India‘s electric vehicle demand has significantly increased due to new regulatory measures and the escalating costs of fossil fuels. That said, experts predict that PE investment in India’s electric vehicle sector might exceed $1 billion this year, as per Economic Times.
Investors had 26 deals worth $906 million
Based on Venture Intelligence’s data, investors committed $906 million across 26 deals in the nine months leading up to the end of September. These include battery production, battery swapping, and charging stations. On the other hand, 31 deals totaling $1.8 billion in investment were in 2021.
National Investment and Infrastructure Fund (NIIF) executive director and CIO Padmanabh Sinha told ET:
“We believe that EVs are at an inflexion point across multiple vehicle categories–the total cost of ownership is already favourable for two-wheelers and is near par for three-wheelers.”
By 2030, the Narendra Modi-led government aims for electric vehicles to account for 30% of private automobiles, 70% of commercial vehicles, and 80% of two- and three-wheelers.
Indian companies that received funding
Manufacturer of electric vehicle components, Vecmocon secured $5.2 million this month from backers, including Blume Ventures and Tiger Global.
Likewise, individual driver financing platform Revfin completed a $10 million Series A funding anchored by Green Frontier Capital (GFC). It is India’s first venture capital fund to concentrate on investments connected to climate change.
Moreover, Lightspeed led a $13 million Series A funding round for Exponent Energy in August. Notably, it was its first investment in the domestic EV market. The Bengaluru-based company aims to utilize the funds to expand its e-pump network to 100 locations in each city, beginning with Bengaluru.
“As electric vehicle volumes go up, not only is there a need for technology at various levels, but also an opportunity for funds to make investments in this sector,” said Arun Vinayak, co-founder, and CEO of Exponent Energy. “While startups could be a challenge to legacy automakers, we believe that they are crucial to the automotive industry as technology evolves.”
According to Sinha of NIIF, there would be a lot of prospects to invest in companies within the value chain. Ather Energy, a manufacturer of electric two-wheelers, received a $128 million investment from NIIF and Hero MotoCorp in May. The fund will be used to raise Ather’s manufacturing from its current rate of 10,000 units per month to 35,000 units.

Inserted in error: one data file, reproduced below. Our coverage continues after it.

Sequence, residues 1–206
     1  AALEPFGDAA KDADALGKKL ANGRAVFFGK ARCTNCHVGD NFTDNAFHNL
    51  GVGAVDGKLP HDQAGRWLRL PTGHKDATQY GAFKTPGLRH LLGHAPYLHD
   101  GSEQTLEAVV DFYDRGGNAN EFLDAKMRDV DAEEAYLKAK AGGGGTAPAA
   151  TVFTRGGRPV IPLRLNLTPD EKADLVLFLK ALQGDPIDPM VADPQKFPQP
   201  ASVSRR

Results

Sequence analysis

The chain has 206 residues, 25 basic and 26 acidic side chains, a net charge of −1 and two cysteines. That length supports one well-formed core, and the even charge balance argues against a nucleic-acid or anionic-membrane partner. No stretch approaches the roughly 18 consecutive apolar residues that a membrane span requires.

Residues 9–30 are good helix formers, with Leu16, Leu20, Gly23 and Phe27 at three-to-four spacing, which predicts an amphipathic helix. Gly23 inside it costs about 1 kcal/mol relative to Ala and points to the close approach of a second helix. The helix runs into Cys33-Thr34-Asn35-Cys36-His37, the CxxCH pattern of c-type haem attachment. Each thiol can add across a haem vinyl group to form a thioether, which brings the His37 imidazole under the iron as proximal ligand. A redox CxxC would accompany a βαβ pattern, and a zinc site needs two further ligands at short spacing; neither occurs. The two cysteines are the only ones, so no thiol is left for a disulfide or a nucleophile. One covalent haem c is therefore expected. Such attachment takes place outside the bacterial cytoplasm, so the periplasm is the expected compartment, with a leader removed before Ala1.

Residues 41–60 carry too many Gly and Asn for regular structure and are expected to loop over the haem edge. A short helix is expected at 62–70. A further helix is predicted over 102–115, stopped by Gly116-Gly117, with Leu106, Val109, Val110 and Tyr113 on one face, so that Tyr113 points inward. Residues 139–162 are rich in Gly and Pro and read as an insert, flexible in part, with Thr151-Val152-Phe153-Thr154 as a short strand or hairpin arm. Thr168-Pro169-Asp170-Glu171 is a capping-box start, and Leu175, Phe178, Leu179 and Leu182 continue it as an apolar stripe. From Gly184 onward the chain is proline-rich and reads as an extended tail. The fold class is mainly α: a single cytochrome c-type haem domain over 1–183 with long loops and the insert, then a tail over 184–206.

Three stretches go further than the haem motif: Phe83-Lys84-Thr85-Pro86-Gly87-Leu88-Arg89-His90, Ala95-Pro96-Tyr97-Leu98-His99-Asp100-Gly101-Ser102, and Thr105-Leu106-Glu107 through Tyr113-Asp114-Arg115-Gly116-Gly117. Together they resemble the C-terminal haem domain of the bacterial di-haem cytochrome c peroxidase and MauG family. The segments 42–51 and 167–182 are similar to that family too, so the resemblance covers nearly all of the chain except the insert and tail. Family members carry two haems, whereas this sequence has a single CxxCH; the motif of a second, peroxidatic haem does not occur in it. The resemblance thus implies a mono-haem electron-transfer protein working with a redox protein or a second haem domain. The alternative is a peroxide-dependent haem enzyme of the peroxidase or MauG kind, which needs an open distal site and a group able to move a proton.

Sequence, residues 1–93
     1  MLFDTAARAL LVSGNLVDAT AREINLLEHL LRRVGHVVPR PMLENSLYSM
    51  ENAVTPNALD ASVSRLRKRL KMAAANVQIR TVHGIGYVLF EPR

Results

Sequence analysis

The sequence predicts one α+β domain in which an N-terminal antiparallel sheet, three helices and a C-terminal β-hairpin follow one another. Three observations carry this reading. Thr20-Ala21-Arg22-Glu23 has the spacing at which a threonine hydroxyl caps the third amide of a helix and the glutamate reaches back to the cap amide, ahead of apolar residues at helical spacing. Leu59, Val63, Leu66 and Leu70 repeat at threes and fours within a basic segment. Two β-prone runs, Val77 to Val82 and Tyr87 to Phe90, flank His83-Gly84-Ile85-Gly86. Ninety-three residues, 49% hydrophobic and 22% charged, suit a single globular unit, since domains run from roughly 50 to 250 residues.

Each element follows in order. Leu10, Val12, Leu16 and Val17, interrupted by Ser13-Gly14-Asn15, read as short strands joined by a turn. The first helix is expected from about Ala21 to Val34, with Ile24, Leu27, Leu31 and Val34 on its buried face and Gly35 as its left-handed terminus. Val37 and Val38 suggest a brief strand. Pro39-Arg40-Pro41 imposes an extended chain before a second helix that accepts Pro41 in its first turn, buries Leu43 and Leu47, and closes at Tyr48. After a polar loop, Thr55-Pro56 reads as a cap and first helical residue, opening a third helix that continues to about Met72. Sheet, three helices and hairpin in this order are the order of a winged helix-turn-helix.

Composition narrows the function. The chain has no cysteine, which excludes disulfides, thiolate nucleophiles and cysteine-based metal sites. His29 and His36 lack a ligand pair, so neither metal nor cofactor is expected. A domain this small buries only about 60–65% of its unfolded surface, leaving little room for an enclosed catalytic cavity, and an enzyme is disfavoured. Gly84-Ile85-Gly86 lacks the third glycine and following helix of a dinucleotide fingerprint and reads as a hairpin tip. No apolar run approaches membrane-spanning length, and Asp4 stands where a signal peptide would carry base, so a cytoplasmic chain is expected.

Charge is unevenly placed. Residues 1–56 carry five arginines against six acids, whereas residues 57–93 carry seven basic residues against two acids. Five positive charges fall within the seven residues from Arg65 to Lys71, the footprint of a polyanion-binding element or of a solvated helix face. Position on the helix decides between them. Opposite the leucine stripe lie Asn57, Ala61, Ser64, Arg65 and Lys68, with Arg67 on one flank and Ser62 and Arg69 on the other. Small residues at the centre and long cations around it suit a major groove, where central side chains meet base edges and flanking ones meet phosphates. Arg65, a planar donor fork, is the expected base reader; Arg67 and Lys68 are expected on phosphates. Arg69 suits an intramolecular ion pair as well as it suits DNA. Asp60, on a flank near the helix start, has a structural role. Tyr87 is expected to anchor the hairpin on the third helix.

On the other hand, Tata Motors received $1 billion from the international PE firm TPG last year for its line of electric passenger vehicles.
According to Blume Ventures director Arpit Agarwal, the country’s accelerating electric vehicle adoption is encouraging for investors. In fact, five investments have already been placed in the industry by Blume Ventures. Agarwal also claims that because of EVs’ reduced “total cost of ownership,” commercial two- and three-wheelers and other segments are witnessing rapid traction.
Meanwhile, British International Investment made a $250 million (Rs 1,925 crore) investment in Mahindra & Mahindra at a $9.1 billion valuation (up to Rs 70,070 crore).
Government initiatives impact India’s EV sector
Pranav Pai, a founding partner at 3one4 Capital, said, “Capital is now backing innovation in most verticals in the space–from commercial EV OEMS to EV fast charging.”
He further asserted that government initiatives like the Make in India program, the production-linked incentive (PLI) and Faster Adoption of Manufacturing of Electric Vehicles (FAME) could turn India’s EV market into a source of economic growth.
As the technological ecosystem experiences a recession, venture capitalists and private equity investors are making a swarm of investments riding on the electric vehicle drive.
Fear of missing out
An investment promotion and facilitation agency’s executive claims that the Indian funds are progressively contemplating early-stage Capital for startups due to a “fear of missing out.” The executive also noted that many smaller funds are considering broadening their investment portfolio towards a more eco-friendly sector.
Notably, Blume’s report reveals that the number of electric two-wheeler sales in India is predicted to increase 24 times from its current rate to 17.69 million units by 2030.